A second attempt to win consent to build student accommodation on the former Ocean Bowl site in Falmouth has failed while developers behind a similar scheme in Fish Strand Hill have taken their fight for permission to appeal.

The scaled down plans for the Ocean Bowl site in Pendennis Rise propose 190 student beds as opposed to the 249 of the original application. They did not though appease neighbouring residents, town councillors or docks' management, who all oppose the scheme and demanded Cornwall Council rejects them.

The scheme has now been rejected by planning officer Mark Ball under delegated powers - but not because of the physical impact it would have on local residents or the area, but because the emerging Falmouth Neighbourhood Plan and Cornwall Council's site allocations document both rule out student accommodation on the site.

Mr Ball says: "Following amendments to the scheme the scale, massing, design and appearance of the development is considered to be appropriate in its context and would provide a well-designed development that would enhance the built environment in this area.

"There are considered to be no material impacts upon nearby residents in terms of overlooking/loss of privacy, overshadowing or overbearing that would be significant enough to warrant refusal. The development during its lifetime would potentially result in adverse impacts upon the amenities of existing nearby residents due to noise and disturbance late at night caused by the activities of residents as they come and go, and this is a factor that weighs against the scheme."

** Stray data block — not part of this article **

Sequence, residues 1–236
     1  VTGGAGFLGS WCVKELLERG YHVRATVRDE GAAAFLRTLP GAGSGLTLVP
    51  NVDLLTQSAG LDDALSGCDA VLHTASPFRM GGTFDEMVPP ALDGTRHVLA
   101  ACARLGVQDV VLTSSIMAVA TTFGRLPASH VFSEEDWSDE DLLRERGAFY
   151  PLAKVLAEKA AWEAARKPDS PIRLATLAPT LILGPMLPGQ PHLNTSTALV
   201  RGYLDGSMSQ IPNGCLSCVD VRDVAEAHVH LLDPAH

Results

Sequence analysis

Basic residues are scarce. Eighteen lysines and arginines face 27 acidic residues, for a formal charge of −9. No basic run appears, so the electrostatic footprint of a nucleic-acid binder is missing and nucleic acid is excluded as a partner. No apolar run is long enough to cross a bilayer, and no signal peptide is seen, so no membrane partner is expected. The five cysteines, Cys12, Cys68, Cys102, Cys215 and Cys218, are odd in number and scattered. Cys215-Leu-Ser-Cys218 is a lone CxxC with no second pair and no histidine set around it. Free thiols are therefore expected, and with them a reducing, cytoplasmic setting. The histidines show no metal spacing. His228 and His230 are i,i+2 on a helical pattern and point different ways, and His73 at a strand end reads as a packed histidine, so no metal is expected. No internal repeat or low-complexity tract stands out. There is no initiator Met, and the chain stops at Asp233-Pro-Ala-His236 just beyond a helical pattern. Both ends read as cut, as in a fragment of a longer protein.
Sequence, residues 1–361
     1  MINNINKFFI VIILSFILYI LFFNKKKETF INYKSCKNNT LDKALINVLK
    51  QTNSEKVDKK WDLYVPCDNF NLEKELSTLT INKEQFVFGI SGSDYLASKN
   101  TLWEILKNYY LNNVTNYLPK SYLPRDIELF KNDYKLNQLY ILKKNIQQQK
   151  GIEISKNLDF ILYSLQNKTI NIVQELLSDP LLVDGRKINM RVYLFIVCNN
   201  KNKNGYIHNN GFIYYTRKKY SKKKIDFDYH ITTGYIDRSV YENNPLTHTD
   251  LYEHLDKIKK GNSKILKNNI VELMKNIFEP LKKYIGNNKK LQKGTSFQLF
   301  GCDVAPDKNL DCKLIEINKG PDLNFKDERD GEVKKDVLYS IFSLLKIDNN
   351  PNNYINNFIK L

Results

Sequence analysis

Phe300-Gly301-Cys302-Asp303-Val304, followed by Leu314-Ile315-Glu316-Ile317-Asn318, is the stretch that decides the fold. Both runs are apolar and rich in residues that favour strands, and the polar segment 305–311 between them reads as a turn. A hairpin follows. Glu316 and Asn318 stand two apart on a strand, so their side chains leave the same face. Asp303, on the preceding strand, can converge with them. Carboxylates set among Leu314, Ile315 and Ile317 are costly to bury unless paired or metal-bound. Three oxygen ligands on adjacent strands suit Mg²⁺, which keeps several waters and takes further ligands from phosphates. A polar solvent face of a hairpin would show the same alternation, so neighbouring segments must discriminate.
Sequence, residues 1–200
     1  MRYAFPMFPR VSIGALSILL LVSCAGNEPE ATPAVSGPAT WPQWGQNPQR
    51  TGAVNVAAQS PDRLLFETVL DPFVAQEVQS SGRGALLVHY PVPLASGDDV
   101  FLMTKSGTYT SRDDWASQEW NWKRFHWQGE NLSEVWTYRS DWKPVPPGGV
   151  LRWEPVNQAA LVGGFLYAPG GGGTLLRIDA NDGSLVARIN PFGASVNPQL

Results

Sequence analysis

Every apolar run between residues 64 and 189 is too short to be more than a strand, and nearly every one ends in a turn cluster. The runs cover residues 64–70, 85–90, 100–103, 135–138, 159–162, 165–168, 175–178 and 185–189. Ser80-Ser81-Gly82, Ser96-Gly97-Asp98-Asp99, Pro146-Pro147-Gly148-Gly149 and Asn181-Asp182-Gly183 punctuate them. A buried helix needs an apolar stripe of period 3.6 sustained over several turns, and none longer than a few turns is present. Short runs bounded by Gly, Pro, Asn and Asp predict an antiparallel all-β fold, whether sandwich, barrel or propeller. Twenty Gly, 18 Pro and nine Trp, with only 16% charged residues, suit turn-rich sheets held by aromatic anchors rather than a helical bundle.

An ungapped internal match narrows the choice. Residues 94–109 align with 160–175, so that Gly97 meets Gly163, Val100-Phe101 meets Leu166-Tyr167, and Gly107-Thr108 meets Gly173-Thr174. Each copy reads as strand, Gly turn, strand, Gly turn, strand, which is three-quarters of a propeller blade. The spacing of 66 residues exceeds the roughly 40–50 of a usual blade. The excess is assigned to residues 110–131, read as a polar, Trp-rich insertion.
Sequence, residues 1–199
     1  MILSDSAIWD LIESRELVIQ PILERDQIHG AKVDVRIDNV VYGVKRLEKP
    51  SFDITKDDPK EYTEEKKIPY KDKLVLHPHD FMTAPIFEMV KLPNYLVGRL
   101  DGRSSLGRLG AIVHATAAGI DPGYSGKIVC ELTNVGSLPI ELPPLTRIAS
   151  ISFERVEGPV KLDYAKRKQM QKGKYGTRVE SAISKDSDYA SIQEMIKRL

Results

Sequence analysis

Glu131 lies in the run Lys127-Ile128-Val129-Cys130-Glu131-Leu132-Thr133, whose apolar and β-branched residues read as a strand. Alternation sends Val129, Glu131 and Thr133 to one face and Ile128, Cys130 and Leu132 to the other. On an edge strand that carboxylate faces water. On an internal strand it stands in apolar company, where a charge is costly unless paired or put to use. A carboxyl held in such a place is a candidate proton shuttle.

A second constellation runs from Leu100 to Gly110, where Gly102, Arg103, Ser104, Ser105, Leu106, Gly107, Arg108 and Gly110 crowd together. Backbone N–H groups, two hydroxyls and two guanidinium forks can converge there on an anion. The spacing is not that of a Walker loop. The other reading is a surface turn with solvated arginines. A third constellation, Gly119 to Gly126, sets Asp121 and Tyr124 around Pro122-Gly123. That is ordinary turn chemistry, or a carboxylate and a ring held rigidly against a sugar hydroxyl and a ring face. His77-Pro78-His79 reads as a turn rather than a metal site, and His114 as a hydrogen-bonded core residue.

Elsewhere in town, those behind plans for 112 student beds on land off Fish Strand Hill, which were refused under delegation in April, have appealed to the government's Planning Inspectorate in the hope of getting the decision overturned.

The reason for Cornwall Council's refusal was because the site is not allocated for development and granting permission would prejudice the community-led Falmouth neighbourhood plan, which is currently being drafted.

In applicant's case for appeal, it states: "The appeal proposals will deliver several significant material environmental, economic and social benefits and should be approved without delay."

The documents adds: "As set out in the officer’s delegated report on the application, the proposals have been through a rigorous design review and refinement process, which has resulted in a very high quality scheme, which will make a positive contribution to the town centre."

The plans have been rigorously opposed by local residents who now have until September 7 to make representations to the planning inspector, who will determine the appeal by way of written representations. Anyone wishing to comment can do so online by going to https://acp.planninginspectorate.gov.uk/ and searching for case reference 3177902.

In July it was also announced that the company behind plans for 117 student beds on the former Rosslyn Hotel site in Kimberley Park Road was appealing the refusal of its scheme. The deadline for submissions to the Planning Inspector for this case expired last week.